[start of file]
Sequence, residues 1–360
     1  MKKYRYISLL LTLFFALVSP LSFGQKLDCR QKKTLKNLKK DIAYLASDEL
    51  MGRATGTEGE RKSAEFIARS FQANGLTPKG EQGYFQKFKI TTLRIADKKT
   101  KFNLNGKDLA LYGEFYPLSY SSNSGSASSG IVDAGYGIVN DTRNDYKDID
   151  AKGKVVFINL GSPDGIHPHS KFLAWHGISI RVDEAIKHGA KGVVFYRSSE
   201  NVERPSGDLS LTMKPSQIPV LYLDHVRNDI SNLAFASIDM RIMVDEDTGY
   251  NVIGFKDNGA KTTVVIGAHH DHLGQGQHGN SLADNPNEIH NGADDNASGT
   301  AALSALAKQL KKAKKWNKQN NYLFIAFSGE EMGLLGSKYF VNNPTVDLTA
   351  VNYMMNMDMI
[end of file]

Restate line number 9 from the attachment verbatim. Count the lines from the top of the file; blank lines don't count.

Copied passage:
   351  VNYMMNMDMI